Choosing a vehicle to tackle extreme weather – particularly snow in winter – has never stopped becoming a headache.
Four-wheel drive (4WD), all-wheel drive (AWD), front-wheel drive (FWD), or rear wheel drive in snow: which one should be the ultimate solution?
These questions demand immediate answers, and I am here to deliver to you exactly that. Keep scrolling for more guidance.
In this article:
Is FWD, RWD, 4WD, and AWD Drive Good in Snow?
1. Is Four Wheel Drive Good In Snow?
The 4WD systems are the most common in truck-based vehicles or pickup trucks.
They are labeled as a “part-time” compartment – whose engine power is only transmitted to the car’s rear tires until the onboard computers/drivers decide to engage their front axles.
In most cases, the front-to-back power spits cannot be adjusted. With 4WD modes, the front and rear wheels receive 50% of engine output each in a fixed ratio. They are accompanied by low-range gearings and two-speed transfers, produced for low-speed runs in unplowed, deep snow.
b. The Pros
4WD truck systems easily deal with unplowed roads and heavy snow.
Their low-range gearings allow the cars to crawl steep hills and traverse deep puddles. They are highly recommended for those living in rural areas that have to face heavy snow on a regular basis.
c. The Cons
Unfortunately, there are a lot more drawbacks to consider:
- 4WD systems are often operated in a 2WD mode (only the rear wheels have engine power). Thus, their grip is much less impressive than FWD – as the latter has a better traction advantage due to properly distributed transmission and engine weight.
- 4WD is not for high-speed traction/handling on paved and dry roads. Certain 4WD systems even issue warnings for drivers in dry conditions, as they might break down the handling and lead to premature component wear.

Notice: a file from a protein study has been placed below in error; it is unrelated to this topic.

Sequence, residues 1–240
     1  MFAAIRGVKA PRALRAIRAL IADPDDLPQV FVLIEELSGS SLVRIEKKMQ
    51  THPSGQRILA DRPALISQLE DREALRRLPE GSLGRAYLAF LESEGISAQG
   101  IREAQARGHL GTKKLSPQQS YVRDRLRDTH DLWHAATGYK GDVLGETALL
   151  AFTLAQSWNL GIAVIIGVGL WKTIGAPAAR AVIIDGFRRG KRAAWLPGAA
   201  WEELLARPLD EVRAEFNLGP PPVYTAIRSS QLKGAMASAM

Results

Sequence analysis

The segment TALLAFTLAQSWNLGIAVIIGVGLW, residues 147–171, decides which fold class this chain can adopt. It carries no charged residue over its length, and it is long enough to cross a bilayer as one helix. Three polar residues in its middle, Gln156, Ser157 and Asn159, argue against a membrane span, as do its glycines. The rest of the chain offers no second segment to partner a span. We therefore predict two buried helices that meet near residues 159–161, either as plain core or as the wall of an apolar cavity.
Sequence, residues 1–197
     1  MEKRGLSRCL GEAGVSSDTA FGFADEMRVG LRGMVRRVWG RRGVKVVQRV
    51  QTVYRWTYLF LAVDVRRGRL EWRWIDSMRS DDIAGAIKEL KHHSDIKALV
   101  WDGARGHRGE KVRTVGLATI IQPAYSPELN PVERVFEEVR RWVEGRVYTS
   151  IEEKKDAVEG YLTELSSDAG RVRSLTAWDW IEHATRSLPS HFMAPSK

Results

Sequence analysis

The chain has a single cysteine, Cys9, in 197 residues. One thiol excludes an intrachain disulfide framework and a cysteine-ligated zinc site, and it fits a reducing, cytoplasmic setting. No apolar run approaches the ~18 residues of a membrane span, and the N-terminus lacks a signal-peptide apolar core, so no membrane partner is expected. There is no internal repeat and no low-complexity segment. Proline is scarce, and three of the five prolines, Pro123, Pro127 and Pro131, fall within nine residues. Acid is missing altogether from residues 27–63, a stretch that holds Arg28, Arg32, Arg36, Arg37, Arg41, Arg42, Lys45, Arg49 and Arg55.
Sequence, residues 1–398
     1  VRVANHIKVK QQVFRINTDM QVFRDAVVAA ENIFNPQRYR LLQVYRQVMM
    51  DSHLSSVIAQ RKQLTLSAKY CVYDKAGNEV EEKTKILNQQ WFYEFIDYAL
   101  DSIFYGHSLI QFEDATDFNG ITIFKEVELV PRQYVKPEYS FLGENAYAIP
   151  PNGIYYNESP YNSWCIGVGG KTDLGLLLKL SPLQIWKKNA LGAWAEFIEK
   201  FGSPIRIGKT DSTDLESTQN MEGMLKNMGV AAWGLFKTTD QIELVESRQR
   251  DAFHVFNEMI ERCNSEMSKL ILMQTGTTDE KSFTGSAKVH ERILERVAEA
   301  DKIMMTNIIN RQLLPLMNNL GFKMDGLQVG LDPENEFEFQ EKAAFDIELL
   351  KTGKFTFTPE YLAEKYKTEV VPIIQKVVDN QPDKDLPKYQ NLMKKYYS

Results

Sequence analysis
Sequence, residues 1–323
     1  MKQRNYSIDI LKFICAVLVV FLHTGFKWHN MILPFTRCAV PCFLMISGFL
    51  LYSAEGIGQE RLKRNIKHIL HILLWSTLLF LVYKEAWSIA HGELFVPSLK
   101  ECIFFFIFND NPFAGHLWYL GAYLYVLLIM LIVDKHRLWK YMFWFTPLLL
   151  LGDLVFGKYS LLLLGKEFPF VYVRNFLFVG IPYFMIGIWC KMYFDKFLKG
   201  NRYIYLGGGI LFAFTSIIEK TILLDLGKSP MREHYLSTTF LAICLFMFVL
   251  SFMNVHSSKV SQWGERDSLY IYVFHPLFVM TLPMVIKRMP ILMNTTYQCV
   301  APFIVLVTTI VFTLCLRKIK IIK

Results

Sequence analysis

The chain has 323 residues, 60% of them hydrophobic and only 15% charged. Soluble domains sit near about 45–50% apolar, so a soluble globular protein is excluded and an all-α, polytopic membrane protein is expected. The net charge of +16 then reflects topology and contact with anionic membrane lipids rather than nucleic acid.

- A typical 4WD load is heavier than expected, significantly reducing fuel economy. Although most people only need 4WDs for several days per year, the extra deadweight ends up charging you more fuel than it should.
These downsides are actually mentioned in the manuals. However, not many drivers pay them attention.
2. Is Front Wheel Drive Good In Snow?
As its name suggests, the engine power is directly transmitted to the vehicle’s front wheels, which steer and propels the car forward.
Almost every modern passenger car is FWD, including “crossover” ones that combine car-based features and SUVs.
b. The Pros
FWDs work great in regular snow due to the transaxle/engine weight distributed right atop the drive wheels; as a result, it is lighter and more compact than RWDs.
(However, you must still be cautious around deep snow blankets: front-wheel drive cars lack the ground clearance to pound forward and will likely get you stuck).
The lightweight design is also incredibly cost-saving; with its unmatched fuel economy, you barely have to pay extra when loading the cars with more luggage and equipment.
c. The Cons
FWD weights are biased to the front (as anyone could have guessed), which gives drivers great challenges in maintaining consistent handling.
Plus, the fact that the propelling wheels also have to take charge of the steering is not exactly the best scenario for cornering or high-speed riding.
That explains why drivers demanding high performance tend to prefer RWD; FWD is merely an economical drivetrain option to reduce vehicle weight and simplify assembly.
3. Is All Wheel Drive Good in Snow?
With this system, one can send engine power to all the four wheels (and even to each individual wheel), maintaining optimal traction on challenging terrains.
Their increase in popularity is worth noting; six or seven years ago, less than 1/3 of the industry markets offered AWDs. Today, it has become both standard and optional choices for numerous vehicles, including wagons, passenger cars, crossovers, light-duty cars, and minivans.
b. The Pros
AWDs work wonderfully for both snow-covered terrains and paved, dry roads – a significant improvement over 4WDs, which fails miserably on dry roads.
Even unpaved dirt and gravel are nothing against AWDs. That is why we often see AWD-equipped systems on high-performance sedans and sports cars; their wintry weather functionality and smooth handling are the dream of every professional racer.
Better yet, AWDs require little driver involvement; the power is routed to your wheels automatically at maximum traction. According to the specific situation, they can transfer at least 90% of engine output to either the rear or front wheels.